TikTok is a handy place to get health information about just about anything if you're not worried about quality. Take gynecologic cancers for example. At least 73% of the content viewed in a recent study was inaccurate and of poor educational quality. Other studies reported similar findings.
“The vulnerability shown in social media content around personal cancer journeys is inspiring, but this data really encourages us to ask, as a medical community, how we can provide a care environment that encourages that kind of trust and real conversation with patients?" said study author Laura Chambers, DO, of the Ohio State University Comprehensive Cancer Center.
She said the study highlights the power of social media to feed misinformation that could be harmful to patient health outcomes. The study is published in the journal Gynecologic Oncology.
“The intent of this study was to understand the needs of patients that may go unspoken in the clinic but represent gaps in care that need addressed,” said Chambers. “As doctors, we are focused on treatment toxicities and patient outcomes, but many of our patients are navigating really difficult challenges at home – like figuring out how to show their child love and attention when they are going through fatiguing treatments.”
"It’s clear that more needs to be done to flag misinformation on TikTok," - Macklin Loveland, MD
About the study
For the study, researchers systematically searched for the 500 most popular TikTok posts and analyzed the top five hashtags for each related to gynecologic cancer, looking for key themes, quality of information and reliability of gynecologic cancer-related content on TikTok.
Demographic information, message tone and thematic topics were collected. Educational videos were rated for quality using an established health education information scale. As of August 2022, the top five hashtags for each gynecologic cancer had more than 466 million views.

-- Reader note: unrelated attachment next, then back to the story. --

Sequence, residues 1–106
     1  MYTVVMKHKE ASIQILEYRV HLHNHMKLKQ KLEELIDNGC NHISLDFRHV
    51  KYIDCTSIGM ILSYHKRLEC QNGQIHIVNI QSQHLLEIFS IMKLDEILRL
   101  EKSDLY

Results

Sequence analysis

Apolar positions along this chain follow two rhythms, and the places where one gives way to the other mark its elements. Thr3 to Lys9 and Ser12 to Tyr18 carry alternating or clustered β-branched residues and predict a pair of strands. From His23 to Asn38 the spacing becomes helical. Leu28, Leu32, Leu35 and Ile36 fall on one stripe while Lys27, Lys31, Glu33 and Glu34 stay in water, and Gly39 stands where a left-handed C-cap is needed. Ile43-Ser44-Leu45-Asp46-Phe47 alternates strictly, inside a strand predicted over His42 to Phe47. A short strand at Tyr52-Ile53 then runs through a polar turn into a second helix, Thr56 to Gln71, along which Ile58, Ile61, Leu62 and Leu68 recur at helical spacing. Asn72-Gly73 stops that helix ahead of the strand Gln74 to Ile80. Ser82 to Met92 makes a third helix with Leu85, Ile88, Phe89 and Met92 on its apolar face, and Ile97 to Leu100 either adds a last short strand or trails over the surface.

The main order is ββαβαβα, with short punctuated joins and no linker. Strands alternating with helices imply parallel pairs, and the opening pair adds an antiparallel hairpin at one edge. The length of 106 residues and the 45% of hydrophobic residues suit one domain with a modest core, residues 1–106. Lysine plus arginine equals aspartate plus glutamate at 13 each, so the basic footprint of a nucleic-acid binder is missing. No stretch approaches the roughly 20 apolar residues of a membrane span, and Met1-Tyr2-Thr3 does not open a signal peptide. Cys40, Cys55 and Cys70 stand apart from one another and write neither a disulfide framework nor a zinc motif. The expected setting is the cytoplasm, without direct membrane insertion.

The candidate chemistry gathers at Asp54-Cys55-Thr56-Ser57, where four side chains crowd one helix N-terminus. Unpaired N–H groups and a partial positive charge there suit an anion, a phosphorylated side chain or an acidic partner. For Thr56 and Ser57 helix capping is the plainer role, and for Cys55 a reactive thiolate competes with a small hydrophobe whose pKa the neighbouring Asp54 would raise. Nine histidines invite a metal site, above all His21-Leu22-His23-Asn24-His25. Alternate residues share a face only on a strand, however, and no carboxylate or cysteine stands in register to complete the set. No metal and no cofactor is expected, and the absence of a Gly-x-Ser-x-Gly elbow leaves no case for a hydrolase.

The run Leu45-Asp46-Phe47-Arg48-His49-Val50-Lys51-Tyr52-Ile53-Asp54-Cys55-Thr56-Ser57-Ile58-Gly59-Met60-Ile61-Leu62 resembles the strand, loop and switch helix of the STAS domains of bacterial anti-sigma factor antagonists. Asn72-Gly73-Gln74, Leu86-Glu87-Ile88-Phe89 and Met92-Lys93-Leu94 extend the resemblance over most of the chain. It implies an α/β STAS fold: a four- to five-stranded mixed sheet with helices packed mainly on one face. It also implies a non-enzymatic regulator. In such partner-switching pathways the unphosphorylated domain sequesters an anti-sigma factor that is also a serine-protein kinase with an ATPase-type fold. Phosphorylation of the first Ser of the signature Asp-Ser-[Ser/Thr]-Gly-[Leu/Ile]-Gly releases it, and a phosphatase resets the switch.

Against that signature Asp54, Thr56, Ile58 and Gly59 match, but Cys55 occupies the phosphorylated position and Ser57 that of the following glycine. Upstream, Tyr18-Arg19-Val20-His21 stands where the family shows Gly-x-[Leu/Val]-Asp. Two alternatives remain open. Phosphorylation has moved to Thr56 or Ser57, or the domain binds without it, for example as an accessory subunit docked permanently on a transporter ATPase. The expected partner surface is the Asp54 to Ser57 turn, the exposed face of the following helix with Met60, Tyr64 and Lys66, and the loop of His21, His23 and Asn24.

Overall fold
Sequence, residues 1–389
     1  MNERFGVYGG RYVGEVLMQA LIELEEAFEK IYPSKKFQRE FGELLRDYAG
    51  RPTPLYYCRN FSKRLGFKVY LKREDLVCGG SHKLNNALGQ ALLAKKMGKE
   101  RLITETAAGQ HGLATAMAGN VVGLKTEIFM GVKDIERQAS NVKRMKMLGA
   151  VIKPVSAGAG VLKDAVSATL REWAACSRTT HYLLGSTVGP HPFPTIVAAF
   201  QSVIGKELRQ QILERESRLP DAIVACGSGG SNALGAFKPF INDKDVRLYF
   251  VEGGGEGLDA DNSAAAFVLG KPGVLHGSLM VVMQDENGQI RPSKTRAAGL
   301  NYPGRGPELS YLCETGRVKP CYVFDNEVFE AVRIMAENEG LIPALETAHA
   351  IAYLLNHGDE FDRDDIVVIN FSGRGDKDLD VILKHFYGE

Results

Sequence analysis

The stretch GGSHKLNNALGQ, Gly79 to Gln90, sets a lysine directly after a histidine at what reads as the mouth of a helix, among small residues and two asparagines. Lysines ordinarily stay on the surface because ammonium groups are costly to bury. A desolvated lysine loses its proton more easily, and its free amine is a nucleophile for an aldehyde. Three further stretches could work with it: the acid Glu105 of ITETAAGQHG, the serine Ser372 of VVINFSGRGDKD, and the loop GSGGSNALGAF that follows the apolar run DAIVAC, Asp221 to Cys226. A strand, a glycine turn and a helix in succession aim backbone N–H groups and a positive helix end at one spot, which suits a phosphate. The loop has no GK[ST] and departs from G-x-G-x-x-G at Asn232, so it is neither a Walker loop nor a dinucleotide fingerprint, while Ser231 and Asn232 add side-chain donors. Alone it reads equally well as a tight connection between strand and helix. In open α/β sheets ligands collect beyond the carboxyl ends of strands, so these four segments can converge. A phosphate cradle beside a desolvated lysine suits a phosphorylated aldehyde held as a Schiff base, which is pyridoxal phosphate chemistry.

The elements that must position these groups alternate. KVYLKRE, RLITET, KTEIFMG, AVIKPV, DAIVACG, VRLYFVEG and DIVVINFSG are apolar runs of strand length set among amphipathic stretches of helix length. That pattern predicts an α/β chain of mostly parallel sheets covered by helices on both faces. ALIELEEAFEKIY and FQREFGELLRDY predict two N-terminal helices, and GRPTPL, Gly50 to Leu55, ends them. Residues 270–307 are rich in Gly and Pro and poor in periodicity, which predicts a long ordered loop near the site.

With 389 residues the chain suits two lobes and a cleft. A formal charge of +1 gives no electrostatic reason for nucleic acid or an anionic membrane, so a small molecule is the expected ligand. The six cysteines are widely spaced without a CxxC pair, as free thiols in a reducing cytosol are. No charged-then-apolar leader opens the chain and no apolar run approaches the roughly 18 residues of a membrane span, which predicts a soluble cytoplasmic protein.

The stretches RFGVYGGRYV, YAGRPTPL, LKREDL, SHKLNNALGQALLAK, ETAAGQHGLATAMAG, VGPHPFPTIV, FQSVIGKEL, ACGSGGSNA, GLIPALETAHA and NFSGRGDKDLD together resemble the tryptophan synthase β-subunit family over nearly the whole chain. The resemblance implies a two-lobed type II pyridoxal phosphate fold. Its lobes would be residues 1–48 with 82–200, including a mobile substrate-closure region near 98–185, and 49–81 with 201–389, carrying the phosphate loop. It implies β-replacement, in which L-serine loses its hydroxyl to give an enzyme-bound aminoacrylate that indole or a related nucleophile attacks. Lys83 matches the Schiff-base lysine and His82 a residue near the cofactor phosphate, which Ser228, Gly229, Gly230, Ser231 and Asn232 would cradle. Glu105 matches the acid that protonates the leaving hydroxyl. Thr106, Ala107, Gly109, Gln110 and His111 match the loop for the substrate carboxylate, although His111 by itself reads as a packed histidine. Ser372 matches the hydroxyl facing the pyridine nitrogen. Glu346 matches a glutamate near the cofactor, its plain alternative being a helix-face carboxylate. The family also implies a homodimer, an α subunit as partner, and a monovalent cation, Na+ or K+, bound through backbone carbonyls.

The researchers found that, overall, the quality of the information being shared through TikTok was poor and at least 73% of content was inaccurate.
“This data inspired a lot of questions about where to go next in addressing these inaccuracies and communicating with patients directly, especially focusing on opportunities to create more diverse content to overcome racial and cultural disparities related to treatment of these cancers,” said Chambers.
It's not just cancer that draws patients to TikTok – and also draws concerns among health professionals. A recent study looked at diabetes information on TikTok.
Chinese researchers collected and analyzed a sample of 199 diabetes-related videos in Chinese. The overall quality of the videos was acceptable, on average, although the quality of the information varied, depending on the sources, the researchers said, according to a report from the National Institutes of Health.
The videos created by nonprofit organizations had the highest information quality, while the videos contributed by for-profit organizations had the lowest information quality, the researchers said.
Another study, this one by researchers at the University of Arizona College of Medicine, looked at TikTok posts about liver disease, the researchers found around 40 percent of videos contained medical misinformation, usually with posts pushing “fad diets,” “detox” drinks, and herbal remedies.
Led by Macklin Loveland, MD, the study’s lead author and an internal medicine resident, the researchers examined 2,223 TikTok posts tagged with the terms “cirrhosis” and “liver disease” between October and November of 2022. The researchers compared the content of the posts with evidence-based practices from leading medical organizations.
All said, 883 (around 40 percent) of the posts contained medical misinformation. Medical misinformation most often related to the efficacy of herbal products for addressing liver disease. Other unverified and false content claimed that consuming certain mushrooms, eating beef liver, or doing a parasite cleanse could heal the liver. Those claims are all inaccurate, the researchers clarified.
The good news is, the posts that contained medical misinformation didn’t tend to perform well, or at least not as well as posts that did contain correct and useful information. What the researchers termed “misleading posts” got an average of 1,671 “likes” and 140 “shares” compared to the average 14,463 “likes” and 364 “shares” for accurate posts.
“It’s clear that more needs to be done to flag misinformation on TikTok, including doctors becoming more heavily represented on the platform to combat misinformation with accurate, science-based information,” Loveland suggested. “In general, TikTok and social media platforms are great sources to disseminate health information. However, we need to put more guardrails in place against false or misleading claims.”
What should patients do?
Chambers encourages patients looking for a community of like-minded people going through similar experiences to seek out in-person and online support communities sponsored by reputable medical and patient advocacy organizations.